the small sausages are longganisa :)
and the stuffed fish i think are called rellenong bangus :)
Robyn! You're meant to be a Pinay (female filipino)! Come over to the Philippines, we will feeeeeeed you! Crispy pata, lechon kawali, bagnet (the holy trilogy of all deep fried pork dishes), and more! And tons of different kinds of halo-halo.
(those dishes sans names - tofu dish and shrimp dish - don't really look filipino, more like fake chinese sauteed dishes)
Knowing that Tristan is vegetarian was worrisome, Filipino food isn't known for many vegie varieties. Even the laing has pork or is topped with it. Hope he enjoyed his meal too. And the laing should be more than tingly hot, I prefer it full of smouldery fire.
The crisp skin reminds me of pork skins, which don't ooze fat but are crispy and good.
That's one tricked out dessert! Though, I don't quite know if I'd like jello mixed with tapioca mixed with flan chunks... I'm guessing I might like it if I tried it, but if I keep reading it over and over again, it'll sicken me.
Yay! Go Filipino food! See, people here are willing to feed you here Robyn! Not just me.
Come here and EAT. :)
Freak out like in a frightened "ack, it has a head" way. =( But eh, people are like that, and it doesn't bug me now. =)
The halo-halo sounds just ridiculous. Ridiculously good that is. I might have to stop by just to try that. My stomach is sad for having to wait for such a glorious thing. poo.
Penny: Mm yes, how many ways can that sentence be misinterpreted? LET'S HAVE A CONTEST.
Tina: I thought you had been there before!...I guess you had just mentioned it and that's how it was embedded in my mind? But yeah, we should go back since Kathy didn't get to go.
reese: Oh god, that all sounds so good. :[ Why can't I have a family member who cooks kickass...Filipino food! Sigh.
Val: Thanks for the info!
Mila: YES, that was my destiny! What happened? How did I end up living in New Jersey? Sigh. Or in the part of NJ not inhabited by Filipinos...
One of Sarah's friends was vegetarian; I think that's why she got the tofu thing. Aww.
I did warn Tristan about the non-vegetarian nature of Filipino food, hehe. But he's cool. One meal won't kill him!
I would've preferred smouldery too! Maybe another time.
Christina: Oh, it's just a little bit of jello. Or rather not everything is in one bite. The flan was at the top and jello and other goo was mostly at the bottom.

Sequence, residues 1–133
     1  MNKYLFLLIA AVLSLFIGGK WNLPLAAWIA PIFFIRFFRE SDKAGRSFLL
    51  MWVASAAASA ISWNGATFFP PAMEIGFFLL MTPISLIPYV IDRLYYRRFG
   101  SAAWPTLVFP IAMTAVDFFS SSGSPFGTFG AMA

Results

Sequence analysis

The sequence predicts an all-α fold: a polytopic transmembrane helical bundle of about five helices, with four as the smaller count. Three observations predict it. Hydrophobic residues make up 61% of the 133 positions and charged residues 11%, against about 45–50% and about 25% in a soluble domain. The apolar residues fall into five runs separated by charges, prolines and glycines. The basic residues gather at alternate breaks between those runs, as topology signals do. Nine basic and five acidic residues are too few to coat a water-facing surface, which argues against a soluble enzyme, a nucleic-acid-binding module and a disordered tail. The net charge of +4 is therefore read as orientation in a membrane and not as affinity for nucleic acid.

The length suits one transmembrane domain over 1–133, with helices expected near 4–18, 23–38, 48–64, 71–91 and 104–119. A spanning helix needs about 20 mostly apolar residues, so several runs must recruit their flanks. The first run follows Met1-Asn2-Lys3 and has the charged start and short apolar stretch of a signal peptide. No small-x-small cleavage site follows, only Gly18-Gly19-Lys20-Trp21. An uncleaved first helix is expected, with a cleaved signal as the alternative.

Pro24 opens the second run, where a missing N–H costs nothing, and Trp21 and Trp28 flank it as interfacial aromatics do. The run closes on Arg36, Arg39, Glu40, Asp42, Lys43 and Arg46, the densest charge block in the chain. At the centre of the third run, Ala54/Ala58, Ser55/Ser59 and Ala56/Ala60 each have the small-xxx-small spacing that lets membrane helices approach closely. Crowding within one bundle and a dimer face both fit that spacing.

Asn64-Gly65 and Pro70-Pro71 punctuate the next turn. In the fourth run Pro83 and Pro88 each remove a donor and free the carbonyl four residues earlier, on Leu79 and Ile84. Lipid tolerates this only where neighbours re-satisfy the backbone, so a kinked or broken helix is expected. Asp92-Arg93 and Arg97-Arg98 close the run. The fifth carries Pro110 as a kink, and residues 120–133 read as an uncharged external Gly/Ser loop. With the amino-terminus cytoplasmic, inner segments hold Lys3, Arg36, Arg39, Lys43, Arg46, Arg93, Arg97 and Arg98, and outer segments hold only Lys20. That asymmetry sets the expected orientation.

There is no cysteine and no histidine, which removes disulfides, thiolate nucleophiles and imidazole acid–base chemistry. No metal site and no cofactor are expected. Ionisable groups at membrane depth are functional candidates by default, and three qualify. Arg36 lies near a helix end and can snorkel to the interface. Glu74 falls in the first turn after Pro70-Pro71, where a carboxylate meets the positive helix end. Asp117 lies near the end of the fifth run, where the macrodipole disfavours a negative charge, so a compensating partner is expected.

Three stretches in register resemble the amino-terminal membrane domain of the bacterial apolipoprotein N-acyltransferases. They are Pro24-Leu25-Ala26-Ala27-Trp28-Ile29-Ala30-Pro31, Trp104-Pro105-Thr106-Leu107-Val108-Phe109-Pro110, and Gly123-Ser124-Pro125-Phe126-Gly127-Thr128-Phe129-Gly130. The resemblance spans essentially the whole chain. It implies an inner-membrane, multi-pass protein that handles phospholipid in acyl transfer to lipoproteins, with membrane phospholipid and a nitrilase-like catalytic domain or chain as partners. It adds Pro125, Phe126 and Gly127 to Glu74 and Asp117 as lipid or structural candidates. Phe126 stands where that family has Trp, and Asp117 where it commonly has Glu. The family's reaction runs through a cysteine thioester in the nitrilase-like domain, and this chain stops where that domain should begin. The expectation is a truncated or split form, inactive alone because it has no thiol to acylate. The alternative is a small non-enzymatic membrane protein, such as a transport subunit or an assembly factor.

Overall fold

Mahar: You guyz are gonna make me so fat. -__-
Julie: I don't know many people like that...I'm not sure we could be friends. ;D Or rather, they would probably be disgusted to eat with me! Wah.
Danny: YES GO GET SOME! Halo-halo and pork! Does a body good!
Yea those double decker trains are awesome! For some reason they only run them later at night, as in never during rush hour/commuting time, for whatever reason.
Btw I was trying to read your blog from work (as usual) and discovered it's now blocked by my work filter....under PORNOGRAPHY. Whaaaa. Maybe mentions of food porn raises flags?
Mike: I got to ride on one last night! For 10 minutes. IT WAS THE EXPERIENCE OF A LIFETIME.
You're not the first person to tell me that my site is blocked. :( Food porn is bad! Waah!
Oh my gosh, finally! Filipino food in your blog! What took you so long?! Maybe you could post about it in seriouseats? The more people are aware of the awesomeness of Filipino food, the merrier :)
Dee: I should've became addicted to Filipino food MUCH EARLIER IN LIFE! Waaah!!
I think I need to do more research before I write about it on SE, although I would love to. ...Would love to eat more, haha. :)
Finally! A feature on some Filipino dishes. Yes, Crispy Pata is one lip-smackingly good dish.
Being that the Philippines is made up of over a thousand islands, we have very, very good seafood. One of the early (and some say, original) type of Filipino cuisine is called Kilawin. It's basically fresh fish, squid, etc, marinated in vinegar and other spices. Very, very good. Extremely hard to find though in restaurants abroad because you need extremely fresh saltwater seafood.
A lot of Filipino cuisine is Chinese-influenced, hence the stir fry dishes you tried at Pistahan (stir fried tofu and veggies, and stir-fried shrimp with veggies).
The soup you had (sinigang) is a tamarind-based soup - you can vary it by adding catfish OR salmon belly/head OR pork OR chicken, ...
If there is a place in NYC that serves Palabok (shrimp sauce noodles) that would be a very good dish to try, too.
Over here in Manila, we're experiencing a growth spurt of extremely (and I mean, Extremely!) good dessert establishments cropping up.
There is a very good array of native Filipino desserts, as well as Spanish desserts and lately French pastries.
Come to Manila, RObin!
Jennifer: Ahh, I don't think I'll be finding those fresh seafood dishes over here, but they sound awesome. Mmmm.
OH MAN I'd love to visit Manila. I am all too aware of the craze for sweets and desserts, something that we could use in NYC. I feel like I was born in the wrong country. -__-